This morning we showed that new home prices in America have never been higher. This is great news, right? Well not if you are an average American looking to buy a new home. Based on the median real income, home prices have never been more unaffordable at a stunning 6.7x average salary. Moreover, for those unable to see the bubble (or unsustainability), it appears Bernanke learned well from his previous planner-in-chief, having manufactured a much more aggressive ramp in prices leaving the average American even further away from the American Dream.
Over the past two weeks, Bloomberg anchor Matt Miller has been on a crusade to popularize Bitcoin, which intuitively makes sense: having risen ten-fold in the past year, the mainstream financial media is now paying attention and furthermore, is providing its audience the desired information about the hot meme du jour. To be sure, it is quite possible that his interest is sincere instead of merely the latest pageview-generating gimmick used by a majority of the other Series X preferred stock round media outlets. Which is why it was ironic (and humorous) that in his quest to demonstrate just how "accessible" Bitcoin is on live TV, the anchor was "robbed" in broad daylight by an enterprising Reddit hacker named "milkywaymasta" who screengrabbed the QR code shown by Miller and promptly confiscated the $20 equivalent.
The US economy is stabilizing, but it's not truly recovering. That's the view of Saxo Bank's Chief Investment Officer, Steen Jakobsen. Following the Fed's tapering news, Steen says the risk is that we trade on perception and not reality... "We're at the end of asset inflation," he says, and that "will dawn on the market very soon."
There can be little doubt that last week's Fed announcement was an epic attempt at rhetorical audacity. The message they hope to convey is that they are tightening monetary policy by loosening it. Based on the market reactions, the trick has seemed to work. But we are still seeing much higher leverage than what would be expected in a healthy economy, and as a result, the gains in stocks, bonds and real estate markets are highly susceptible to rate spikes. If yields move much higher we feel that the Fed will have to intervene to bring them back down. In other words, the Fed will find it much harder to exit QE than it was to enter.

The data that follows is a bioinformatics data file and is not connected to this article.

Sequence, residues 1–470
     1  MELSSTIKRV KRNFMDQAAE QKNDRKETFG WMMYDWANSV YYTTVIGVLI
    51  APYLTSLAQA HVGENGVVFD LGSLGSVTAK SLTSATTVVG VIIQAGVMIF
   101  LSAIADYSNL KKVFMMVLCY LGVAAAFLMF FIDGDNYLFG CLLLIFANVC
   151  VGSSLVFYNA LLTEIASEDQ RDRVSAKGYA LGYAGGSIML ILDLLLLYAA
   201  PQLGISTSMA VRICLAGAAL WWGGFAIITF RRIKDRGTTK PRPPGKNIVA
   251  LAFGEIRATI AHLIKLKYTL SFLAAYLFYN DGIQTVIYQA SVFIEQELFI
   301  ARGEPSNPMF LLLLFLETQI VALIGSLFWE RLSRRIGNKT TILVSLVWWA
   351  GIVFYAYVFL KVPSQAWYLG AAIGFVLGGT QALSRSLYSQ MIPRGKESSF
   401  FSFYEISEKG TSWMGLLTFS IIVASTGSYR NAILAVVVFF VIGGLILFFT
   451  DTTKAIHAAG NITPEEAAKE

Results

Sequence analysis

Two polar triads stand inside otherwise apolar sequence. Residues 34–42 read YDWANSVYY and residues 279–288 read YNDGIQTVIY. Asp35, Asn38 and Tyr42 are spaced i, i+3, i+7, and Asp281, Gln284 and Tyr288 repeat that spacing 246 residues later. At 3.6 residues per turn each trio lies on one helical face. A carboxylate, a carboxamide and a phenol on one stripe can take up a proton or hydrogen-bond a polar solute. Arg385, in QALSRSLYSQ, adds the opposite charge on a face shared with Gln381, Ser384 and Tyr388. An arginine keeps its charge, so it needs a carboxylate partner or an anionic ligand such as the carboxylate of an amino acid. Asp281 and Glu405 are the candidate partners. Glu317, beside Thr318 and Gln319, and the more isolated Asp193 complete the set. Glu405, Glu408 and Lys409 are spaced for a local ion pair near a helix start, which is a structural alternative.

While some would argue (as they always do) that there are good reasons to be bullish going into 2014 (central bank liquidity provision being an obvious one); there are ample reasons to remain vigilant with respect to your investments. The stagnation of wage growth combined with higher costs leaves an already cash strapped consumer with few options. It is likely that we will see a push by consumers to re-leverage their household balance sheet which will be hailed by the media as a return of consumer confidence. However, one should not forget the last time a highly levered consumer ran into problems. Furthermore, there are three potential headwinds that are likely to weigh on the economy and the markets which are potentially being overlooked.
Since the President's Obamacare legislation became law, it has never had such widespread opposition according to CNN's latest poll with 62% of those polled "opposed" the law and only 35% were in favor. Results also indicated most Americans predict their medical care costs will increase under the ironically-titled "Affordable Care Act". As UPI reports, "opposition to Obamacare rose 6 [percentage] points among women, from 54% in November to 60% now, while opinion of the new law remained virtually unchanged among men," CNN Polling Director Keating Holland said. "That's bad news for an administration that is reaching out to moms across the country in an effort to make Obamacare a success." Maybe Americans just need another day to decide?
Following David Woo's initial $1300 fair-value price target for Bitcoin, the BofAML strategist has had to suffer through some significant changes; not the least of which is China's increasingly strict Bitcoin regulation. The shifts, he notes, raise key questions about the future of Bitcoin as he asks "is this the end of Bitcoin?"
Not satisfied with paying less taxes than his secretary, it seems Warren Buffett has decided that his employees should also pay more for their healthcare. His latest acquisition, Heinz, has recently announced a very significant cut in retiree health benefits. Of course, as the Pittsburgh Post-Gazette reports, Heinz is not admitting this is due to Obamacare but the company is not alone with 60% of employers considering changes through 2013. In an effort to cope with the uncertainty of ongoing health payments, companies have chosen (potentially smaller) lump-sum benefits, leaving the employee to fund the rest. As one reitree noted, "I feel that they should stand behind the moral obligation of the preceding owners of this company and maintain the program," but, keeping promises does not seem to be the norm these days.